Exams have evolved for the current generation, and the trend is changing to open-book assessment. It is said that open book exams are closer to real-world problems. In a way, it is a highly efficient replication of a real-life situation where a person applies intelligence using available resources to solve a problem. The questions in a ‘No book’ system paper is set by consulting guides and approved books, whereas, in an open book system, the paper must be culled from the depths of the book. These exams are also expected to be less stressful as there will be an element of support for students.
Let us look at it from the viewpoint of a teacher. These exams will harden the work of a teacher. Teachers will have to ensure they prepare a meticulous question paper that puts the understanding of a child to the test. There must be no answer readily available in a textbook which will be provided in the exam. This process is going to eliminate ‘rote-learning’ as examinees will have to apply their understanding of concepts in limited time with the help of a book. A lot depends on teachers who will set the papers. If questions are not made which invite some thought from students, this system will not be much of a difference-maker.
If students are informed that specific questions will be from a limited section or chapter of a book, then this system will only generate more of memorizing than an application of the concept. The idea of an open book exam is for a student to look up for something quickly in book and not just find the whole answer in the exam. It creates one particular disadvantage for some students who will assume that they will discover tailor-made solutions. They will be seen flipping through pages in search of an answer, and this will waste precious time, and more pressure will be built on the student if the paper is too lengthy. Some people think that open book exams are going to make things easier. In my opinion, if questions will be smarter to compensate for a book made available, the paper will become more stringent. Actual aptitude will be put to the test. With this type of exam, a student must also be guided and trained to develop skills to face this exam. Reading skills must be worked on so that it suits open book exam needs. They will be put in a situation where they have to smartly choose whether to look up in a book for an answer or not. If these are executed in a well planned and assessed manner, students will avoid copying answers and give exams intelligently, but if they are not, students will take exams for granted.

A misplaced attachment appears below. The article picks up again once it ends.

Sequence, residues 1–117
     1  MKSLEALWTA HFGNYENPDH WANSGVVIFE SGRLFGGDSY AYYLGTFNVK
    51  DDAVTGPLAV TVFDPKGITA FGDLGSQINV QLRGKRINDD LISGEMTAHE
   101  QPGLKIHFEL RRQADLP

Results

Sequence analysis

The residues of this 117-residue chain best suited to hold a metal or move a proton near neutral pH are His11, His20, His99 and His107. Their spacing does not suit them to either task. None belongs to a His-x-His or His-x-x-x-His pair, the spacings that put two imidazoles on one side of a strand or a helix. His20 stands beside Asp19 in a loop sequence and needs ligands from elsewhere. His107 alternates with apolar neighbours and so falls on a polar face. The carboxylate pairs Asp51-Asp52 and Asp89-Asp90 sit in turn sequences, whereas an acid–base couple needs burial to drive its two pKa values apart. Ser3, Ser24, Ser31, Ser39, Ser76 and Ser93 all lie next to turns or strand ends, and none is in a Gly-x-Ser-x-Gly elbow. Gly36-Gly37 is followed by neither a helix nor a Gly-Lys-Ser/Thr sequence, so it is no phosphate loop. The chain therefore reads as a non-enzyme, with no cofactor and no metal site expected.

When we look at the bigger picture, these exams are not only focusing on exams alone but also on the creation of an atmosphere of knowledge application so that students make the most of it. Hopefully, they will not become victims of it, if it does not get executed properly. The idea is also to make students think not just in terms of writing their exams but also absorb knowledge for which there is no pressure to reproduce from their memory. Looking up for things is great, but knowledge is the most important. Many students will like it, and many will oppose it, but everything is introduced according to the needs of the time. Let us hope that it gives all the students a curriculum and concept-based study environment which is relevant to them in the long run—something which people truly apply in real-life situations.